Rozzi, Bishop joined by advocates, stakeholders to modernize child sex abuse statutes of limitations

HARRISBURG, March 2 — State Reps. Mark Rozzi, D-Berks, and Louise Williams Bishop, D-Phila., held a Capitol news conference today to highlight the drastic need for reform of Pennsylvania’s archaic laws affecting victims of child sexual abuse.  

Rozzi and Bishop were accompanied by state Sen. Rob Teplitz, state Rep. Tom Murt and prominent reform advocates to discuss their respective bills, which are largely modeled after previously introduced legislation that would modify the statute of limitations to allow victims to seek civil action against perpetrators. 

Rozzi’s House Bill 661 would raise the age from 30 to 50 years for an adult victim of child sex abuse to file a civil claim, consistent with criminal statute. Previously time-barred victims would be permitted to bring suit. 

"For victims of child sexual abuse, the pain and suffering never go away. The perpetrator suffers no consequences. Because of time limits imposed on victims, the perpetrator is free to keep stalking, grooming and destroying more children’s lives. As legislators, we have an obligation to institute laws that safeguard our citizens; especially those who cannot protect themselves, our children," Rozzi said. "I am grateful to my colleagues and those who made it a priority to stand in support of these important legislative initiatives. We will continue to fight for their right to justice. Pedophiles don’t retire and our law should not protect their heinous acts."

Bishop’s legislation, House Bill 655, would entirely remove the statute of limitations to allow for victims of child sexual abuse to file civil suit or criminal charges regardless of the amount of time that’s passed since the alleged abuse occurred. 

"These victims oftentimes live in silence for years with the terrible acts committed against them. When they find the strength to come forward, regardless of how many years have passed, they should be able to seek justice against their perpetrators," Bishop said. "It took me more than 60 years to come to terms with what happened to me and to find the courage to share my story. The judicial system must extend a helping hand to victims, not shield the abusers."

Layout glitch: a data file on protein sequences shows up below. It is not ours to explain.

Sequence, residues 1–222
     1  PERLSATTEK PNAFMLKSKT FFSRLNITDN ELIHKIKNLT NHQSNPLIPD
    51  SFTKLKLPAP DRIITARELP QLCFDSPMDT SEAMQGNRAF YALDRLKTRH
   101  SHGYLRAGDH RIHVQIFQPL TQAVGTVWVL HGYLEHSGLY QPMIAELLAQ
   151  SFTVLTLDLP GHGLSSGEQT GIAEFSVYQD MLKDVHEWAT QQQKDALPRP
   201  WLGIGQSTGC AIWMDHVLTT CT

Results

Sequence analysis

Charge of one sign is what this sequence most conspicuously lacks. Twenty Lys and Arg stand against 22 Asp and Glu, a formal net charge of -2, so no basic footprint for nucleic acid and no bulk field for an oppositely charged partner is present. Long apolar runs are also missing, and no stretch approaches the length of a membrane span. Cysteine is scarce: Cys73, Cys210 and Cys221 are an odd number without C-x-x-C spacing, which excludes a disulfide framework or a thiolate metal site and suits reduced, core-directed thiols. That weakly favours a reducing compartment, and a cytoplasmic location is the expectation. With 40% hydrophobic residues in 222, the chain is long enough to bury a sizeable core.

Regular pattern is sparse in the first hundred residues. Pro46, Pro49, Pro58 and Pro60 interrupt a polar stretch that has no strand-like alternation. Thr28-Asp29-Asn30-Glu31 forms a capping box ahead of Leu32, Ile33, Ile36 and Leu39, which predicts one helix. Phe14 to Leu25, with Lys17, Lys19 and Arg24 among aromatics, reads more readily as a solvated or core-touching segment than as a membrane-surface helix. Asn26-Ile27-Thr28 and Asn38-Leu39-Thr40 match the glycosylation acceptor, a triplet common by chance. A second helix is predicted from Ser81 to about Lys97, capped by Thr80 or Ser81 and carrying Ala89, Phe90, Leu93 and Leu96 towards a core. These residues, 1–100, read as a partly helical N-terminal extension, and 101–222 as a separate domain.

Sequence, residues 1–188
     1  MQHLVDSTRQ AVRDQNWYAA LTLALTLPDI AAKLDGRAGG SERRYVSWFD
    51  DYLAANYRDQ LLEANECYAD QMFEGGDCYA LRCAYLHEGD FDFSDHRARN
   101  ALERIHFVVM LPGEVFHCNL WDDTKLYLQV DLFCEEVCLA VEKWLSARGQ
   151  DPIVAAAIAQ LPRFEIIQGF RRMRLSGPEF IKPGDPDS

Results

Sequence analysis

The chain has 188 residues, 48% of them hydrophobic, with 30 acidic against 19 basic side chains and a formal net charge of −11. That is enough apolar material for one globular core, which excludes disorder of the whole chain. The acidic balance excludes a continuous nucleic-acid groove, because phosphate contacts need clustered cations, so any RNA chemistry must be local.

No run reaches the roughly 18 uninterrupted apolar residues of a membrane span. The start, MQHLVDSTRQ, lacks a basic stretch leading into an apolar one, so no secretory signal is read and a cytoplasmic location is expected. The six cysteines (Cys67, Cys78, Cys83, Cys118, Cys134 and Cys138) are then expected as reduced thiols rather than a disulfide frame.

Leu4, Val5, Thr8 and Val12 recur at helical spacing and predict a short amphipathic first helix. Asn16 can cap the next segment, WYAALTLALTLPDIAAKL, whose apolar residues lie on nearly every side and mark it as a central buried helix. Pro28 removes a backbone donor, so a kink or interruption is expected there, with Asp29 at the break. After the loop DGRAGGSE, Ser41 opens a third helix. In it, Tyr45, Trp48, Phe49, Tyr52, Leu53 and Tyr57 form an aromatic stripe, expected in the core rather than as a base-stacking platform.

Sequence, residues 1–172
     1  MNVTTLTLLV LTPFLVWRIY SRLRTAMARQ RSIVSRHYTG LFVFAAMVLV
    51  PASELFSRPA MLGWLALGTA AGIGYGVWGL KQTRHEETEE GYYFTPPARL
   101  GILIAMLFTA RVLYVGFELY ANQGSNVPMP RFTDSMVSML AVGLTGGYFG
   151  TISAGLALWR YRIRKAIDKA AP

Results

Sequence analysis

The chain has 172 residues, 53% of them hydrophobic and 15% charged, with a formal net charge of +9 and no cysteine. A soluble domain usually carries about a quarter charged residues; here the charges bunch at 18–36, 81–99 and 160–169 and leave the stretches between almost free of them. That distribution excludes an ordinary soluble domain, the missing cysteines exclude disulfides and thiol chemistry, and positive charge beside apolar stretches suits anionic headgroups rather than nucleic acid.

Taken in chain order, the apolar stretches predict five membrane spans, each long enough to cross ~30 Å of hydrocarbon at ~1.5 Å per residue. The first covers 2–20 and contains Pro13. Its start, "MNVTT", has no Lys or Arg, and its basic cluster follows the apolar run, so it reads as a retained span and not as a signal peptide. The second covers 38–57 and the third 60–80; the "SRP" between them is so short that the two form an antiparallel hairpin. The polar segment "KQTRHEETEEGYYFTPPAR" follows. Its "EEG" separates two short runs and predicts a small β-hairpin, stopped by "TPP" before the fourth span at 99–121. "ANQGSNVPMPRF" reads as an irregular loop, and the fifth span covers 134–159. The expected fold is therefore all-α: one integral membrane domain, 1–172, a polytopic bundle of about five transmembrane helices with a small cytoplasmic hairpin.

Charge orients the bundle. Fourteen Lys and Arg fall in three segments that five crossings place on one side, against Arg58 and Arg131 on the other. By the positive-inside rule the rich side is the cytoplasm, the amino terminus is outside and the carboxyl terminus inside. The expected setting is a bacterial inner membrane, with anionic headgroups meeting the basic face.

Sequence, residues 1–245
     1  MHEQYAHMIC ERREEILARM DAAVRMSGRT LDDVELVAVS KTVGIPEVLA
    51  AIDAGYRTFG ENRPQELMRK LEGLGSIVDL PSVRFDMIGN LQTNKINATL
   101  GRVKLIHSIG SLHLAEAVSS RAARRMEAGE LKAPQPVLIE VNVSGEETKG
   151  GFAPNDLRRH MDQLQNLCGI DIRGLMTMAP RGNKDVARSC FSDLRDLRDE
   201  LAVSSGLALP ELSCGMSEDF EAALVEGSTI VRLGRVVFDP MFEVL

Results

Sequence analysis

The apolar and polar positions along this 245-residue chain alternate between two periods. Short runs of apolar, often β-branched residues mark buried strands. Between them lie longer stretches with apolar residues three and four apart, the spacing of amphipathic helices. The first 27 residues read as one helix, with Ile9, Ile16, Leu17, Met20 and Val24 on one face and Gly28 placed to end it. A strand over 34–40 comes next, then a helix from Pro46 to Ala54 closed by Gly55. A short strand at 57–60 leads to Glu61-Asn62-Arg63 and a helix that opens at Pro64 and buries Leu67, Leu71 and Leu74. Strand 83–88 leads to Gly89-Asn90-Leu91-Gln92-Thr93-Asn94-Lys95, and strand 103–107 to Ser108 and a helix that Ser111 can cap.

Teplitz discussed his companion legislation to Rozzi’s House Bill 661 that he has introduced in the Senate.

"We wanted to put out strong legislation that would protect victims while ensuring that it was meaningful and passable. Our bills represent a fair compromise that we believe will still close loopholes and help victims seek justice," said Teplitz, D-Dauphin/Perry. "I want to thank Representative Rozzi for taking the lead on this legislation, and for his determination and advocacy on behalf of victims of this horrific crime."

Murt discussed his support of allowing past victims of child sexual abuse to come forward and seek legal recourse against their perpetrators.

"I am compelled by my conscience and by my office to act on behalf of victims until the perpetrators have been punished and justice has been served," said Murt, R-Montgomery/Phila.

Matt Sandusky, founder of Peaceful Hearts Foundation, a charity that supports survivors of child sexual abuse, was scheduled to appear but was unable to attend. He did submit a statement on why he believes the commonwealth’s statutes of limitations are too short and leave many victims without a chance at justice.

"Statute of limitations reform has become a political issue and we need to change that. True reform is a human issue. Either you want to protect children and victims or you don’t, it’s that simple," Sandusky said.

The following guests and advocates shared their thoughts and concerns regarding the current statute of limitations and their support for legislative reforms:

  • Chris Anderson of Male Survivor Network said, "Giving survivors the opportunity to seek justice is an act of compassion and support. It is well past time for our society to adopt victim-centered, trauma-informed legislation that lifts up the voices of survivors."
  • Kristen Houser, vice president of the Pennsylvania Coalition against Rape, said, "People perpetrate sexual abuse in private, and victims usually think they are the only one and feel very isolated. We have to look at this through the eyes of a 12-year-old: You don’t understand human sexuality period, let alone abuse. It is high time that we accept that delayed reporting is the norm: we have recently seen glaring examples of this in the Boy Scouts, in religious institutions, in schools and most recently with allegations against Bill Cosby."
  • Tammy Lerner from the Foundation to Abolish Child Sex Abuse identified childhood sexual abuse as a serious health care epidemic costing the U.S. over $46 billion annually: "Without statutes of limitations reform, a gaping loophole exists that allows perpetrators to escape justice and fly under the radar, allowing them to live and work in communities with access to children."